With regard to whether any disputed facts remain regarding adequacy of the defense the County provided in the Anderson litigation, the Court cannot find as a matter of law that there is no genuine issue regarding the adequacy of County's defense.[10] Previously, in the context of deciding the issue of which party must first produce its expert reports, the Court found that the " adequate defense and investigation" provision in the SIR endorsement is a condition to coverage, and the County has the burden of proving that it complied with that condition. (Docket No. 494 at 6-7.) State National contends that now that discovery has concluded, the undisputed evidence shows that the County cannot meet its burden of demonstrating its compliance with the adequate defense condition to coverage.

Among the allegedly undisputed inadequacies argued by State National are (1) the County's failure to assign a lawyer to investigate Anderson's accident and tort claim during the statutory pre-suit notice period; (2) the County's waiver of statutory design immunity in a case that turned on the County's alleged failure to maintain a County road and guide rail; (3) the County's failure to depose Anderson's causation expert, thereby subjecting the County to uncontrolled, unforeseen, and harmful testimony at trial; (4) the County's failure to designate a causation expert, commission an accident reconstruction analysis, or commission a speed analysis to develop any affirmative evidence or to rebut the opinions of Anderson's expert; and (4) the County's express waiver of the right to question Anderson about speeding before the crash, or to introduce evidence of his racing history and aspirations, in a case where excessive speed was the County's primary defense theory. (State National Br., Docket No. 543 at 9.) State National contends that these undisputed errors, among other undisputed actions by the County, show that the County's defense of the Anderson litigation was plainly and obviously inadequate, and no jury could find in the County's favor that it provided an adequate defense.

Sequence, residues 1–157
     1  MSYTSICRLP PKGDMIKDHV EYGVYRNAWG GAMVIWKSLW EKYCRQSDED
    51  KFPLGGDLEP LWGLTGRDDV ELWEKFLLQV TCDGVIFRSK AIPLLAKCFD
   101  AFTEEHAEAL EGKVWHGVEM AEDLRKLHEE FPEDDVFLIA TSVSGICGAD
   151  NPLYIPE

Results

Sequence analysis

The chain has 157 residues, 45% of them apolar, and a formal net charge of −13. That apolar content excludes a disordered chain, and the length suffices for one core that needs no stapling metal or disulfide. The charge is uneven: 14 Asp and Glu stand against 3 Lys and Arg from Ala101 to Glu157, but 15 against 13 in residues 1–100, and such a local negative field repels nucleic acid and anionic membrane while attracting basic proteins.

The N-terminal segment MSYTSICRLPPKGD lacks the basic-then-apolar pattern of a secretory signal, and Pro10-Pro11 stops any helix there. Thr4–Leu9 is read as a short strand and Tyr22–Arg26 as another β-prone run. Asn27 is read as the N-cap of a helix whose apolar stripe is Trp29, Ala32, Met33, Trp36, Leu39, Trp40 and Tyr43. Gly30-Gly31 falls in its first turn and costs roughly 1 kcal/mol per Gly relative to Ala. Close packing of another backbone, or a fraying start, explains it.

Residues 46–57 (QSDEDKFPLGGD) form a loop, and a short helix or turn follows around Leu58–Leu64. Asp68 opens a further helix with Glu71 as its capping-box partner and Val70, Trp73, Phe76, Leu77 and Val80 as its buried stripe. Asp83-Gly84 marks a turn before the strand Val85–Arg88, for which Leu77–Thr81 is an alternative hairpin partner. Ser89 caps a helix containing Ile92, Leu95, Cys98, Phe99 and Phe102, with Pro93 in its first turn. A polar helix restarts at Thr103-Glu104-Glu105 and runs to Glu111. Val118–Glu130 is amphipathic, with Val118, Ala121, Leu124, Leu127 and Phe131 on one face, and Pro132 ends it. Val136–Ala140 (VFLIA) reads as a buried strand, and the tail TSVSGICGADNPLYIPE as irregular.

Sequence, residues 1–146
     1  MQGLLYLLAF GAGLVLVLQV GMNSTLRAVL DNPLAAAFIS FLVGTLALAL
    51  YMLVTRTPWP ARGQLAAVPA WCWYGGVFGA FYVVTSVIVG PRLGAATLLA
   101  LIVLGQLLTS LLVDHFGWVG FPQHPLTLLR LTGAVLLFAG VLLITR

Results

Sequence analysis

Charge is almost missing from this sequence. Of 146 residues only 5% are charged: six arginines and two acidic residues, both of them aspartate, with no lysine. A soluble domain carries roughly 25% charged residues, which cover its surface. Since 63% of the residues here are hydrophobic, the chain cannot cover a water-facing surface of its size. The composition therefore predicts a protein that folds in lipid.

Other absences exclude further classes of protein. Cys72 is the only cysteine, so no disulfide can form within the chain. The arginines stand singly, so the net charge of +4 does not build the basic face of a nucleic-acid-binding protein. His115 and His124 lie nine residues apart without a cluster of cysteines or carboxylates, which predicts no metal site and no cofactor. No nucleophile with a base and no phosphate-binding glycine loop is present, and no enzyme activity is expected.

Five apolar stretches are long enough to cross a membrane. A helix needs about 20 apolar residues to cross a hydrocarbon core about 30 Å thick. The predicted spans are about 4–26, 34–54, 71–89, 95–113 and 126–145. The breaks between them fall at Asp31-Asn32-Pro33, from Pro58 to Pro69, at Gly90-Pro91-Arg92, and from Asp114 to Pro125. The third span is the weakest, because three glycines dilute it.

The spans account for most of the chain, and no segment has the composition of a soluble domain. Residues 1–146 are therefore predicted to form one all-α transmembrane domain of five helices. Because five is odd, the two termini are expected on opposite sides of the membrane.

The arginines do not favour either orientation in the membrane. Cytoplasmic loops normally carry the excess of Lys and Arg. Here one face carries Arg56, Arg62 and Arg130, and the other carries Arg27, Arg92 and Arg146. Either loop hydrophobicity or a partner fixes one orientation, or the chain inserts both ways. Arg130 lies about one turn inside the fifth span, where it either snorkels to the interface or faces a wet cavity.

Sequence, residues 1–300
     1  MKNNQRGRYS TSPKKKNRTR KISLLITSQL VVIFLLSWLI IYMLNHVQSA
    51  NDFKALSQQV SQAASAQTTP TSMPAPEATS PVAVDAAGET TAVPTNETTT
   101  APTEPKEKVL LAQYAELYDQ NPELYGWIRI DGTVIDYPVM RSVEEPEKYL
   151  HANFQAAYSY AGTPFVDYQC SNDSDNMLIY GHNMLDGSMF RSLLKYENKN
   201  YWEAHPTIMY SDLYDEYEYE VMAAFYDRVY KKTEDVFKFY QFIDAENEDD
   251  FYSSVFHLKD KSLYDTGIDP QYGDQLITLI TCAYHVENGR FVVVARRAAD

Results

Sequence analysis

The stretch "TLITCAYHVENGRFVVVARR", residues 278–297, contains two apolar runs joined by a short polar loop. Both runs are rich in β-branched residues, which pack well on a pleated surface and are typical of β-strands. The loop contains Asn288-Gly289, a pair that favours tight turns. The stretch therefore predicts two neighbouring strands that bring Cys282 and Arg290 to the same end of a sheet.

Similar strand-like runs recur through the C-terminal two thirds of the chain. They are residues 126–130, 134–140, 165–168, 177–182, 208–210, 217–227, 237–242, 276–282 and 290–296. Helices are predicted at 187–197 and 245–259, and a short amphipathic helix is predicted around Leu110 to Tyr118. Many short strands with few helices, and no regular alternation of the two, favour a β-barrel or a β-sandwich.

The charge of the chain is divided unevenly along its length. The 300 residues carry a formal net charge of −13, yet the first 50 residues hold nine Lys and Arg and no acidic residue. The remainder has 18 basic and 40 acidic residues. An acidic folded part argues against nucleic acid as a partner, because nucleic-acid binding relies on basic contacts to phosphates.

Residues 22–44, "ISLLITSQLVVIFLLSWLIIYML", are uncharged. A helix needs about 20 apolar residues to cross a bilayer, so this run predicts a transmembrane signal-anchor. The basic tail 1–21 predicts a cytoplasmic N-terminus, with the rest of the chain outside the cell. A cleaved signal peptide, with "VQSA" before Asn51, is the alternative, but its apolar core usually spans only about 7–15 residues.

Not surprisingly, the County proffers numerous proofs to dispute State National's contention that the County's actions were plainly and obviously inadequate. One category of evidence that supports the County's position that its defense met the insurance policy condition that it be " adequate" is the parties' expert discovery. The County outlines how its expert's view of the County's defense counters State National's expert's view of the defense. (See County Br., Docket No. 607 at 18.) These dueling experts alone preclude the entry of summary judgment. See Kannankeril v. Terminix Intern., Inc., 128 F.3d 802, 809 (3d Cir. 1997) (admonishing that it is for the trier of fact to determine what weight to give expert opinions, and that the trial judge must be careful not to mistake credibility questions for admissibility questions) (citing U.S. v. Velasquez, 64 F.3d 844, 848, 33 V.I. 265 (3d Cir. 1995) (" The axiom is well recognized:

Page 580

the reliability of evidence goes 'more to the weight than to the admissibility of the evidence.'" ). The Court cannot independently weigh the County's actions in its defense and investigation of the Anderson case to determine whether they were " adequate" under the SIR endorsement, particularly because the insurance contract does not define what an " adequate defense" entails. That determination is for the jury.[11]

The Court can decide, however, the issue of whether State National must demonstrate it was prejudiced or harmed by the County's actions. It is clear that as a condition to coverage, the County has the burden of showing that it provided an adequate defense in the Anderson litigation.[12] If a jury determines that the County did not provide an adequate defense, the next question is whether that finding immediately cuts-off the County's coverage under the $10 million policy, or whether the burden then shifts to State National to prove that it was prejudiced by the County's inadequate defense in order to disclaim coverage.[13]

Page 581